Kleiner Perkins and GV invest $21 million in AI health care startup Viz.ai | Tech Biz
Artificial intelligence (AI) health care startup Viz.ai has raised $21 million in a round of funding led by Kleiner Perkins, with participation form Alphabet’s venture capital arm GV.
Founded out of San Francisco in 2016, Viz.ai is setting out to leverage AI to detect early signs of time-sensitive medical conditions. The company’s first product is a software platform that analyzes brain scans for large vessel occlusions (LVOs), or strokes, and which received FDA clearance in February.
Someone has a stroke every 40 seconds in the U.S. alone, according to CDC data, culminating in 140,000 deaths annually. And those who survive a stroke often suffer a long-term disability as a result. One of the underlying issues relating to treating strokes is that they are difficult to diagnose in the first place, and the longer the patient goes without treatment the greater the chance they have of suffering disability or death.
Using deep learning algorithms, Viz.ai’s software analyzes CT scans to spot stroke indicators, and automatically alerts a neurological specialist. This all happens in minutes, which is crucial to the patient’s chances of a positive outcome.
Prior to now, Viz.ai had raised around $10 million in funding, and with another $21 million in the bank, it said that it plans to fund its expansion into new markets and grow the scope of its technology beyond strokes.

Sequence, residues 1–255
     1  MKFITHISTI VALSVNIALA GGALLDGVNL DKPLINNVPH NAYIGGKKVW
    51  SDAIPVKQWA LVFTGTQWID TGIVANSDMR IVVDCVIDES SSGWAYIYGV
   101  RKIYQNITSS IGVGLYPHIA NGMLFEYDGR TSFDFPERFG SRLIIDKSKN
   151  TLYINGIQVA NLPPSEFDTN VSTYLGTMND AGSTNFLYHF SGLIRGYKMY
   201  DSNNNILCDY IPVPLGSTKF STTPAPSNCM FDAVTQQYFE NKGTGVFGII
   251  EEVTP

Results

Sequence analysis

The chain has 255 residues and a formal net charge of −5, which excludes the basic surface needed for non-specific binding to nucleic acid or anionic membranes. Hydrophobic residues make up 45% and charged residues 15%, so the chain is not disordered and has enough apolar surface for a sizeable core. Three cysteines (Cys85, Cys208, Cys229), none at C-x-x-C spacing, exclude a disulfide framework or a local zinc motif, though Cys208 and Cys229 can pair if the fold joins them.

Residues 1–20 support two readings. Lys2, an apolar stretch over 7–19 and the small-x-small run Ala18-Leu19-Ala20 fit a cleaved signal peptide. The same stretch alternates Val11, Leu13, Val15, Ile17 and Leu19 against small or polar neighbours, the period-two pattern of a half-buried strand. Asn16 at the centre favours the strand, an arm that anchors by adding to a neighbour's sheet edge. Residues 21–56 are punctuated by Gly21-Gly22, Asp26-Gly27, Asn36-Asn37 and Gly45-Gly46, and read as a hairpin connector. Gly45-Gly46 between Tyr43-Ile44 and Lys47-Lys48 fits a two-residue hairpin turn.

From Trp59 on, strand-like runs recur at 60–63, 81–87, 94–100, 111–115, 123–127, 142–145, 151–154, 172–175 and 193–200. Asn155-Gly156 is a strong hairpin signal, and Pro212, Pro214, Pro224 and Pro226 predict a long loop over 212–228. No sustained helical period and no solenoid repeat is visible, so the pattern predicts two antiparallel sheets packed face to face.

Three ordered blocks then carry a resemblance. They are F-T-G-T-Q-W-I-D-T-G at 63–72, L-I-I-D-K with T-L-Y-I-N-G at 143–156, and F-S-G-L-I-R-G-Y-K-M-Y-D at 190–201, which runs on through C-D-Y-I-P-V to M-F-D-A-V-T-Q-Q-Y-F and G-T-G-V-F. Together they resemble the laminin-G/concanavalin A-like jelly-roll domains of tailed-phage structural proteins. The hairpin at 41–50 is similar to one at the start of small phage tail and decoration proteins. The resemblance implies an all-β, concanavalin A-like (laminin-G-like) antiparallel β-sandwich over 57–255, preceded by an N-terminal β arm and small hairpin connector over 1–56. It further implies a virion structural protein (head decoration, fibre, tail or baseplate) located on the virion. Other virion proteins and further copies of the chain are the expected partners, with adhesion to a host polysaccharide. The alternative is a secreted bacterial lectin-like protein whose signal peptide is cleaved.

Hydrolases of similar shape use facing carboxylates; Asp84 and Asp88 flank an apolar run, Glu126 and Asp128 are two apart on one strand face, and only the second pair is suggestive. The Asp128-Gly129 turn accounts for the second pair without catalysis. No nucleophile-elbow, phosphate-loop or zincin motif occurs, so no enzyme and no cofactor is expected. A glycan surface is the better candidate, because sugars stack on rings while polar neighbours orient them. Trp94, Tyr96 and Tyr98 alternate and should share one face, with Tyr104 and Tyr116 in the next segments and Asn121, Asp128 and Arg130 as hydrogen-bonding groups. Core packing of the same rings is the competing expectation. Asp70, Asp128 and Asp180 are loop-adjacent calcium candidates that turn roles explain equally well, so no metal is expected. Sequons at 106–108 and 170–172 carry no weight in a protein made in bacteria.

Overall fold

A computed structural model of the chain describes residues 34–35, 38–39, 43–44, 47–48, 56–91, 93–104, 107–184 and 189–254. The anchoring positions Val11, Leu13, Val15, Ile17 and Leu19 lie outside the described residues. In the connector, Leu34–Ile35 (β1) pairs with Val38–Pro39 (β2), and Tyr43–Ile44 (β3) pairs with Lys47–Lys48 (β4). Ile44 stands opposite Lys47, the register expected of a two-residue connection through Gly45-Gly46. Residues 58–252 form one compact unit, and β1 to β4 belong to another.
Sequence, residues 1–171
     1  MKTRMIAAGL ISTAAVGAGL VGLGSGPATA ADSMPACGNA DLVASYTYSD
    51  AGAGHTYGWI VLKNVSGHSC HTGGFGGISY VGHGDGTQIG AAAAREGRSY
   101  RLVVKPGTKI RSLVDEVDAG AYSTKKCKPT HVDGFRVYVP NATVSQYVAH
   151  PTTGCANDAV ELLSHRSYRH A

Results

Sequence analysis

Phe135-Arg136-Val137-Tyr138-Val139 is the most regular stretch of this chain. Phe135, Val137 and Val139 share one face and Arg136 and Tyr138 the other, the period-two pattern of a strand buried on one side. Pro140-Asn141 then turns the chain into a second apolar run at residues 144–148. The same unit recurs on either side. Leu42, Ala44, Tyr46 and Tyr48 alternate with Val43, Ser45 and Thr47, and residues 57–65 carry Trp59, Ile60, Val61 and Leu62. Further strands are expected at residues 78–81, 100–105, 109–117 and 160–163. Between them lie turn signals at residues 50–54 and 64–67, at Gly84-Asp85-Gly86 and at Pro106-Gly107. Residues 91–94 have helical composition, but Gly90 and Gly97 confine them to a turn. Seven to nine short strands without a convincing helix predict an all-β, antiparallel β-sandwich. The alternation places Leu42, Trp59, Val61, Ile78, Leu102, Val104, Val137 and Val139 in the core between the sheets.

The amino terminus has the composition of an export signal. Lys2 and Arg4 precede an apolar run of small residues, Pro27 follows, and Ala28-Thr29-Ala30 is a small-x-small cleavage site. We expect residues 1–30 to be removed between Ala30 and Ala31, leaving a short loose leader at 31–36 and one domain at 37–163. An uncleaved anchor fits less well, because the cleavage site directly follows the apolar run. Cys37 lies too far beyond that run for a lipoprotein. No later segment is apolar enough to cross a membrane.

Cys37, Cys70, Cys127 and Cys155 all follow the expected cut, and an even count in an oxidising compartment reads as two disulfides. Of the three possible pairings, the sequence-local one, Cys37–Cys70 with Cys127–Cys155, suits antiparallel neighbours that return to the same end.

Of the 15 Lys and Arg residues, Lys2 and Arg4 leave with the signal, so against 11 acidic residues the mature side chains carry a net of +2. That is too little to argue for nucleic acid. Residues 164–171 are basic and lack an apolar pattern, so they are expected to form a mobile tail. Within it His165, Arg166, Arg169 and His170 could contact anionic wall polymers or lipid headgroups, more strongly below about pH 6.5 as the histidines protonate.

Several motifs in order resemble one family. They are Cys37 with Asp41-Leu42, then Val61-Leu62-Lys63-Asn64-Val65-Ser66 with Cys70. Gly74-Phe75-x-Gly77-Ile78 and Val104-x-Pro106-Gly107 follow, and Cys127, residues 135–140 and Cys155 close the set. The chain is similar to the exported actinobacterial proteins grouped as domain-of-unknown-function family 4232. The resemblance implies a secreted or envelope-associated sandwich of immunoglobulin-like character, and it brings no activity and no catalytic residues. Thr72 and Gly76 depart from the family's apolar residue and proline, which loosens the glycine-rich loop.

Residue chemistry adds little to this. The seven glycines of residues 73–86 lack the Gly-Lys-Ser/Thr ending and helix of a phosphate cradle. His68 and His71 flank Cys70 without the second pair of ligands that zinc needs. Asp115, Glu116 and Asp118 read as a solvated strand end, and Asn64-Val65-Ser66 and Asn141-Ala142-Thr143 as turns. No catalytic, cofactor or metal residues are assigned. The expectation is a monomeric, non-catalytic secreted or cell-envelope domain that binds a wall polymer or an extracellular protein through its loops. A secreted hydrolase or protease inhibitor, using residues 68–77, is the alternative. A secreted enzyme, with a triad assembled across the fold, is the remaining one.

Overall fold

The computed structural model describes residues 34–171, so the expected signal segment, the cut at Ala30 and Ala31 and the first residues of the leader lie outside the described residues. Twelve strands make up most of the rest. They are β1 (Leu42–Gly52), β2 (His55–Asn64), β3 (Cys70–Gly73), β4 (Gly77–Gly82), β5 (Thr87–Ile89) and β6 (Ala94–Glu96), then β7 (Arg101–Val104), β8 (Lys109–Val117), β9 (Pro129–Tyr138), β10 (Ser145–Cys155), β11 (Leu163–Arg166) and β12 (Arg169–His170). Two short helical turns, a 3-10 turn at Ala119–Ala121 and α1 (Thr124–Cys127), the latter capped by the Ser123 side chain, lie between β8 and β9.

“In stroke every minute matters,” noted Viz.ai cofounder Dr. Chris Mansi. “Our goal is to fundamentally change healthcare, making it proactive rather than reactive. By integrating Viz, we believe health care systems can increase access to proven life saving therapy and reduce the time to treatment across their referral network.”
GV has a long history of investments in life sciences, having recently invested in medical research machine learning startup Owkin; clinical trial technology company Science 37; and next-gen vaccine development startup SpyBiotech. Google itself announced a new AI-focused venture fund last year called Gradient Ventures, made its first medical sciences investment this year as part of a $8 million funding round into BenchSci to accelerate biomedical discoveries.
Kleiner Perkins, for its part, has invested in a number of AI and healthcare startups, so marrying the two with its latest investment makes sense.
“We were attracted not only to the technology behind Viz.ai and its impact on patient outcomes, but also its adoption model,” added Kleiner Perkins general partner Mamoon Hamid. “Many new health-tech solutions struggle to gain traction because they are an outside-in sale to medical teams, requiring changes to procedures and workflows. In contrast, physicians and their teams are driving adoption of the Viz.ai platform because it is not disruptive to emergency room procedures and fits naturally into existing systems.”